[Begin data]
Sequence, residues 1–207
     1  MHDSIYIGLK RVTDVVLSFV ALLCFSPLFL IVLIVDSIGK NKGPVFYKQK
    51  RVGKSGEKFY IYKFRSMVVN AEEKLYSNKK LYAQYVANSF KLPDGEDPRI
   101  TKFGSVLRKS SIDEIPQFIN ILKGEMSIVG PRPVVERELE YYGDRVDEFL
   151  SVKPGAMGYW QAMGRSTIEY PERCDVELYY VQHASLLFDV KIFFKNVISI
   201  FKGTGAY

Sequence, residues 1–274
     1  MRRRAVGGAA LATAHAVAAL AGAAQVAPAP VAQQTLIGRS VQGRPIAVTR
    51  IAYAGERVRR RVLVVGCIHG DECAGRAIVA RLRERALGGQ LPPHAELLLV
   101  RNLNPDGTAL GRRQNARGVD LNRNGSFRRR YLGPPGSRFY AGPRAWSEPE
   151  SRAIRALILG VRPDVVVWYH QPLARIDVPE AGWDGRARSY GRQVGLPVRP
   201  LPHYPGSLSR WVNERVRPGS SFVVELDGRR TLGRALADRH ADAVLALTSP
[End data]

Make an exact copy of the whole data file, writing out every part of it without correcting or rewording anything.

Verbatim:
Sequence, residues 1–207
     1  MHDSIYIGLK RVTDVVLSFV ALLCFSPLFL IVLIVDSIGK NKGPVFYKQK
    51  RVGKSGEKFY IYKFRSMVVN AEEKLYSNKK LYAQYVANSF KLPDGEDPRI
   101  TKFGSVLRKS SIDEIPQFIN ILKGEMSIVG PRPVVERELE YYGDRVDEFL
   151  SVKPGAMGYW QAMGRSTIEY PERCDVELYY VQHASLLFDV KIFFKNVISI
   201  FKGTGAY

Sequence, residues 1–274
     1  MRRRAVGGAA LATAHAVAAL AGAAQVAPAP VAQQTLIGRS VQGRPIAVTR
    51  IAYAGERVRR RVLVVGCIHG DECAGRAIVA RLRERALGGQ LPPHAELLLV
   101  RNLNPDGTAL GRRQNARGVD LNRNGSFRRR YLGPPGSRFY AGPRAWSEPE
   151  SRAIRALILG VRPDVVVWYH QPLARIDVPE AGWDGRARSY GRQVGLPVRP
   201  LPHYPGSLSR WVNERVRPGS SFVVELDGRR TLGRALADRH ADAVLALTSP